The strengths of this population-based study are the relatively high participation rates despite the invasive nature of the investigations required; the use of standardized, validated, and field-tested methods for diagnosis of CMDs; the use of indicators of economic, reproductive health, and gender disadvantage, which are culturally appropriate and validated; and the use of biological indicators of reproductive health exposures. The sociodemographic characteristics of our sample were similar to those for the population in north Goa.12 The limitations of our study lie in the possibility of a sampling bias arising because of nonparticipation in the study. Factors associated with nonparticipation included education and being given permission by family members, which were indicative of gender disadvantage and which we hypothesized were associated with the risk of CMDs. The same interviewer carried out the interviews, which elicited data on the risk factors and outcomes; this may have led to a bias due to lack of blinding. However, the interview used for the diagnosis of CMDs is structured and was validated for use in the setting.
The rates of CMDs vary greatly between populations in South Asia, with a median rate of 10% in adult populations.24,25 The prevalence rate we report is lower than this; the rate is lower than that reported from studies in developed countries, such as the United States and United Kingdom,26,27 and indicates better mental health in this population. However, virtually all population-based studies have also reported a strong association between social and economic deprivation and the risk for CMDs. Among the probable explanations for our finding of lower rates are that they are a reflection of the overall better status of social and economic development in general, and women's status in particular, in this state of India, relative to neighboring states of the country.12 Recent reviews23,28 on the risks associated with women's health, and more specifically mental health, highlight the important role of gender disadvantage. There has been little research on the association of socially determined vulnerabilities for women, in particular those reflecting gender disadvantage with CMDs in developing countries. Our study provides evidence that a range of factors indicative of gender disadvantage are strongly associated with the risk for CMDs. Because ours is a cross-sectional survey, we cannot make definitive inferences on the temporal direction of this association; however, we think that the most likely explanation for the association is that gender disadvantage increases the likelihood of experiencing adverse life events, a well-established risk factor for CMDs.29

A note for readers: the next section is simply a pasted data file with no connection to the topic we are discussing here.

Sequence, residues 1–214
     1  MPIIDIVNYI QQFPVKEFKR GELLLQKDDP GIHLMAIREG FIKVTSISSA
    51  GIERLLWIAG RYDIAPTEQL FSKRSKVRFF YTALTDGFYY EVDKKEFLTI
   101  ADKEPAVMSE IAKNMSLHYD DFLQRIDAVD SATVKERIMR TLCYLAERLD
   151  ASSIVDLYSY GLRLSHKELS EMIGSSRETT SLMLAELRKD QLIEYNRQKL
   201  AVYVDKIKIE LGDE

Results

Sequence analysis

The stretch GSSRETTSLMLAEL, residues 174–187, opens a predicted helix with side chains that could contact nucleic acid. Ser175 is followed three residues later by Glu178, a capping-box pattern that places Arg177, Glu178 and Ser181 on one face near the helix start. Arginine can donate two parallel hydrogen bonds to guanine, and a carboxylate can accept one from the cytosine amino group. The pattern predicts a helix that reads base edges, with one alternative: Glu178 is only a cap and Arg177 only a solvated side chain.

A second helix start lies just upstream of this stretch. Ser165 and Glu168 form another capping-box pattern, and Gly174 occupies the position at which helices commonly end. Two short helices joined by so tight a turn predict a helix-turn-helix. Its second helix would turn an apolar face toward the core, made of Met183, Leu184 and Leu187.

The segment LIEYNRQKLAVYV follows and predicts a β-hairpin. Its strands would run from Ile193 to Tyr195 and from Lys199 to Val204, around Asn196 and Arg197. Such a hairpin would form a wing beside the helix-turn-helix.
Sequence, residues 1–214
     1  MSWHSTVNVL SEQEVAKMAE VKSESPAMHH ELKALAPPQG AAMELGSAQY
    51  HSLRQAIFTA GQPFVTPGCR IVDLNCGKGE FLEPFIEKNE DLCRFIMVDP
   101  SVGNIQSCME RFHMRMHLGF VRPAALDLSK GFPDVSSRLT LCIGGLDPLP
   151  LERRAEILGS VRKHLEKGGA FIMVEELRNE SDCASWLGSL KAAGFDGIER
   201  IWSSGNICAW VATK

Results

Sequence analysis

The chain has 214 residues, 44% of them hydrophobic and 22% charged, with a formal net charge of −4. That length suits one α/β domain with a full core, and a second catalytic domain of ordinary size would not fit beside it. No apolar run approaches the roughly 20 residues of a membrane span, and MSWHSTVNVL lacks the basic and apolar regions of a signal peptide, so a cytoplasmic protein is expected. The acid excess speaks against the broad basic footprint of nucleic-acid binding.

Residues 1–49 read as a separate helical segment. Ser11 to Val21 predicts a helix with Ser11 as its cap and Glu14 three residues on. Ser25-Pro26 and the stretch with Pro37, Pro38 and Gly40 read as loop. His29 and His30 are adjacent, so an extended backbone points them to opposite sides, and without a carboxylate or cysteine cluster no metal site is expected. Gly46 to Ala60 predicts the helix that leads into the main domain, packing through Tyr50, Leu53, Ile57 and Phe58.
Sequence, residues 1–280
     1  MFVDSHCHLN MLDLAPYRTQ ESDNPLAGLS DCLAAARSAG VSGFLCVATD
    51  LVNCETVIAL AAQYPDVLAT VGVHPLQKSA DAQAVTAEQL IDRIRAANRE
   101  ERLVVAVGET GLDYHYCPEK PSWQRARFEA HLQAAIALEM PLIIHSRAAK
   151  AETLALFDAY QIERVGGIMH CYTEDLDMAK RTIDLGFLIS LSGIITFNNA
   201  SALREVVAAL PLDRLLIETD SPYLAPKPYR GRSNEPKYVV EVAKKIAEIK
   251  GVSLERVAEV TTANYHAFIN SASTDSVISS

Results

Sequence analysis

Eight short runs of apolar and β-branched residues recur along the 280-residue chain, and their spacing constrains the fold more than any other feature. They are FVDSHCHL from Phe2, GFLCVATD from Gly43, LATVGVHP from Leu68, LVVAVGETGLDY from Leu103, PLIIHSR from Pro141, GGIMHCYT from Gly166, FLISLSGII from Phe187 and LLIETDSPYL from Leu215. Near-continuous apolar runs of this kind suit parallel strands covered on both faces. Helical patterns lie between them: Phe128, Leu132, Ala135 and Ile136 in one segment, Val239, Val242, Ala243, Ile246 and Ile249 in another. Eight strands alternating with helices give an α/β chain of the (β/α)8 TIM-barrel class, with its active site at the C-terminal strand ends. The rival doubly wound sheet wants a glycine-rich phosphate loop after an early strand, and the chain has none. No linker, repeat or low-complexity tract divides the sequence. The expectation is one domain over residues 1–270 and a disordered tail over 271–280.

While considerable improvement in the status of women has occurred in recent decades, most South Asian cultures continue to be characterized by a dominant patriarchal social matrix. Thus, for example, boys are often favored over girls, a value system that is largely to blame for the growing sex imbalance in the population.30 The birth of a girl, especially when a mother has already borne girls, is associated with an increased risk of depression in mothers.19 Boys are more likely to access various opportunities, from education and employment to control over financial resources, than girls. Girls are often married during adolescence, and childbearing is the primary social role for married women; children are borne early, and often in quick succession, following which contraception is most often through female sterilization.31 Many of these factors were associated with the risk for CMDs in our study. In addition, having low autonomy and poor support from one's family, and lack of integration with social activities, were risk factors for CMDs. Being widowed or separated is a source of considerable stigma and discrimination in Indian society, and it was not surprising that these women had a greater risk for CMDs.
Perhaps the most well-recognized indicator of gender disadvantage is gender-based violence. Domestic violence is extremely common in India; some surveys show that up to a third of married women report physical violence from their husbands, and that violence is strongly associated with lack of autonomy in decision making.32 There is established evidence linking domestic violence with an adverse effect on women's mental health in rich and poor countries.28,33 Our study has replicated these findings. Sexual violence within marriage is a relatively taboo subject in India; our study demonstrates that the experience of unwanted sex, although relatively infrequent, is strongly associated with CMDs. Pain or bleeding during sexual intercourse (dyspareunia) was also strongly associated with CMDs. We did not explore the context of this symptom; however, it is plausible that the complaint is linked to the experience of sexual violence and an unhappy marriage. Violence by others, most often in-laws, was also a significant risk factor. Our findings are particularly significant in light of the evidence of an enormous global burden of gender-based violence and its relationship to social, economic, and culturally determined norms about sex roles in society.34,35